In 2019, the numbers align, as the Aspen Art Museum celebrates not only its fifth anniversary in the new location, but its 40th year as an Aspen institution. In 1979, local artists Richard Carter (who opened a pop-up gallery next door to the downtown museum this summer), Laura Thorne and Diane Lewy held the first exhibitions in the old 1885 hydroelectric power plant on the banks of the Rio Grande River in what was then christened the Aspen Center for the Visual Arts. The inaugural show, “American Portraits of the Sixties and Seventies,” included work by Diane Arbus, Richard Avedon, Chuck Close, Willem de Kooning, Jasper Johns, Roy Lichtenstein, Robert Mapplethorpe, Claes Oldenburg and Andy Warhol. Since then the museum has not only undergone a change of name, but has morphed into one of the premier non-collecting, free-admission museums in the U.S.

Over its 40 years in Aspen the museum has not always enjoyed universal acceptance in the community. Some object to the size and volume of the downtown building or consider the institution elitist. But with free admission to all patrons, a healthy roster of educational programs, workshops and lectures, and the casual and affordable rooftop SO Cafe open to the community, many have warmed to both the space and the museum’s mission over the years. And, thanks in large part to the funding that has been secured through private donations at ArtCrush, the museum has found its footing. ArtCrush is a celebration of all that has been achieved.

Art. Wine. Commerce. Three things that define modern Aspen.


Jay Fletcher has not only procured fine wines for ArtCrush, he has also seen to it that they are paired appropriately to the menu, served at the right temperature and properly poured. Here are just some of the global wines that have made their way to the tables of ArtCrush’s annual event in past years:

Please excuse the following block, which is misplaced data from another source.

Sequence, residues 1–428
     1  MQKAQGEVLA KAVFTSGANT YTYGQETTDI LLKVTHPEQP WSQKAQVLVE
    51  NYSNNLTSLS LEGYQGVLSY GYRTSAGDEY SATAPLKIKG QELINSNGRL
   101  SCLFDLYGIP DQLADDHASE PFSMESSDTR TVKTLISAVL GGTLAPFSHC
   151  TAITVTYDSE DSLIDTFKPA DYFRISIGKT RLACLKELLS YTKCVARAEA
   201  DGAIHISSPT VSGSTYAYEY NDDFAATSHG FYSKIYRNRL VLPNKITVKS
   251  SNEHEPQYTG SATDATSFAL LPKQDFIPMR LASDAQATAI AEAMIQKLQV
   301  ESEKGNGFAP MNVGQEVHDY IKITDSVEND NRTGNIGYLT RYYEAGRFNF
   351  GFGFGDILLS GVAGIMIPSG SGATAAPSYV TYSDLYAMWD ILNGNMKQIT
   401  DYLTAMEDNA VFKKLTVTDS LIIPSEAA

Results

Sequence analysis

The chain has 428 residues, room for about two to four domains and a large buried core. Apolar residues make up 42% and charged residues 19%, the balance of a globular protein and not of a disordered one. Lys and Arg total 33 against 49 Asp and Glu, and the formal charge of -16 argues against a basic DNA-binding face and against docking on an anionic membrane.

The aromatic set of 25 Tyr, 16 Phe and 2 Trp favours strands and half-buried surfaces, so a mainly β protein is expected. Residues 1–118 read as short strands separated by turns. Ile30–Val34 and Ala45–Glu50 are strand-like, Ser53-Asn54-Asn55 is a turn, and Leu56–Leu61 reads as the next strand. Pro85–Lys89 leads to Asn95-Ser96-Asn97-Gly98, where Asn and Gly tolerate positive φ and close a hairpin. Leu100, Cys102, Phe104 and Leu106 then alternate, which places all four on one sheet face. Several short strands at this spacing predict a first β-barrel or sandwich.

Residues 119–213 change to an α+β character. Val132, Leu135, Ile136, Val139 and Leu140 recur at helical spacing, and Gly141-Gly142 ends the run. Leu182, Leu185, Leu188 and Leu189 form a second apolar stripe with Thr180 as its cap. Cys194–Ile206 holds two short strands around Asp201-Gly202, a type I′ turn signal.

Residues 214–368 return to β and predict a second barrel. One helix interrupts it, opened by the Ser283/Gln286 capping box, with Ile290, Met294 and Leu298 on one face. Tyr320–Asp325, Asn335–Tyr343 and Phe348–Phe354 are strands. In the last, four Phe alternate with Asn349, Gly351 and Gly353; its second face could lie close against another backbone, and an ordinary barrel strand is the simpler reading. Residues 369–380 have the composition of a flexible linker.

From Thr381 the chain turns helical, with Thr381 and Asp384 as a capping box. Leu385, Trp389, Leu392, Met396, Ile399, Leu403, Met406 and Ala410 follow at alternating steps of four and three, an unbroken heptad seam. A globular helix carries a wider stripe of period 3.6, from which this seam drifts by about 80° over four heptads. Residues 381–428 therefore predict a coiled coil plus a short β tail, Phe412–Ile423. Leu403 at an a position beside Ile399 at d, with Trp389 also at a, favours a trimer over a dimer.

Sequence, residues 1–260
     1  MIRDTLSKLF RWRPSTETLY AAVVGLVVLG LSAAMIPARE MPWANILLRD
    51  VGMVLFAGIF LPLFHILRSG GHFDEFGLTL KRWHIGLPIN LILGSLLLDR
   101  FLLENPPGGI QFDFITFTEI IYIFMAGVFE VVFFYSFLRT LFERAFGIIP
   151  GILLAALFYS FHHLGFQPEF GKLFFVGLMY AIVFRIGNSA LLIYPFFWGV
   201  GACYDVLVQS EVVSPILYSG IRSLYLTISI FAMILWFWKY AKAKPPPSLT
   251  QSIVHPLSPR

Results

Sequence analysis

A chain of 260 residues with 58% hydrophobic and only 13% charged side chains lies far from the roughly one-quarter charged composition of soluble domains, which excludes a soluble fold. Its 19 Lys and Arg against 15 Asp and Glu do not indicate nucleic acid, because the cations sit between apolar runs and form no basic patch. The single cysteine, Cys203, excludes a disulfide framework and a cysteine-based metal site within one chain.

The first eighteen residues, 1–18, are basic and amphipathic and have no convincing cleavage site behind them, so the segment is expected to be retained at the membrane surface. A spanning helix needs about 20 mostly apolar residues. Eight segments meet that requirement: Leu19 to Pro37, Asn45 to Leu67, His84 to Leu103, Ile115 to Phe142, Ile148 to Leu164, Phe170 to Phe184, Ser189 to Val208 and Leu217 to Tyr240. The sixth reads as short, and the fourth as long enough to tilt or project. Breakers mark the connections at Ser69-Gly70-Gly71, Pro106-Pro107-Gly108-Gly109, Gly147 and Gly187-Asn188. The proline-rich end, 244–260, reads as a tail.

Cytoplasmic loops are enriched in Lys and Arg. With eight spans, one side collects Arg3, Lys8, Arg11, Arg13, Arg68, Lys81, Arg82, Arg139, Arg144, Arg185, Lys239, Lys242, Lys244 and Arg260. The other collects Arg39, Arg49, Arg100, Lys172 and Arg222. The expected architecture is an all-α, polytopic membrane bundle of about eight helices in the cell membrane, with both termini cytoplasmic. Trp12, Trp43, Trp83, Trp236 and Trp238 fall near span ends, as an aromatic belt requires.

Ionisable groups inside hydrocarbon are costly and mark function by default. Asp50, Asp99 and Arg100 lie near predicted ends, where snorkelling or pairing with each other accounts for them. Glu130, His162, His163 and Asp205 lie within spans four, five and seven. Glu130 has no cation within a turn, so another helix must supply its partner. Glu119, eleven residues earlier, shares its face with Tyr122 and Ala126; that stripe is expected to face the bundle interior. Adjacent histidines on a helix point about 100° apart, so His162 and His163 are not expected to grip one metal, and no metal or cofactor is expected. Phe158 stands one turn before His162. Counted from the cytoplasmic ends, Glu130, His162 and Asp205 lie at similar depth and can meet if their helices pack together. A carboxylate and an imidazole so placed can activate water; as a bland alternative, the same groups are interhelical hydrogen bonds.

Château Mouton Rothschild 1990 (label by Francis Bacon)

Domaine De La Romanée-Conti, La Tache 1988

Penfolds, Grange Hermitage 1985

Aldo Conterno, Barolo Riserva Gran Bussia 1990

Jaboulet-Isnard, Côte-Rôtie 1964

Domaine Ramonet, La Montrachet 1989

Domaine De La Romanée-Conti, Romanée-Conti 1988 Six (6) Liter Format

Domaine Gros, Richebourg 1971

Château Haut-Brion 1961

Coche-Dury, Corton-Charlemagne 1995

Château Rayas 1990


In 2008 Amy and John Phelan made a donation to the AAM that ensured admission to the museum would be free of charge for everyone for the following three years. This despite the fact that the new facility had not even been built.

They then funded a further gift.

“We saw the direct results of that gift through the doubling of attendance within about a year’s time,” said Heidi Zuckerman about the initial donation. “When they gave us word soon after that the gift would be extended in perpetuity, my final word on their generosity to both the museum, and each and every person of the well-over 350,000 who will have walked through the doors of our new building since August 9, 2014—priceless.”


Each year one of the highlights of ArtCrush is the presentation of the Aspen Award for Art. This year New York-based artist Lisa Yuskavage, who is well known for her painting of human figures and nudes, often in sexual context, that create tension and controversy, will be receiving the honor for her work on Friday night at ArtCrush.

On Valentines Day, February 14, 202 the Aspen Art Museum

will debut a solo presentation of the artist’s work entitled “Wilderness”

Yuskavage will be giving a talk at the AAM on August 1, 2019 at 5 p.m.


15 Years of Art Crush

$2.5 million- raised in 2018 at Art Crush

$28 million- raised since first ArtCrush

500- glasses of wine for each course

800- bottles of wine poured at each ArtCrush

2,000- glasses of wine poured at each ArtCrush

11- Master Sommeliers that have helped Fletcher over the 15 years of ArtCrush:

Bobby Stuckey, Richard Betts, Fred Dame, Carton McCoy, Sabato Sagaria, Sean Razee, Jonathan Pullis, Brett Zimmerman, Doug Krenik, Jason Smith, Shayn Bjornholm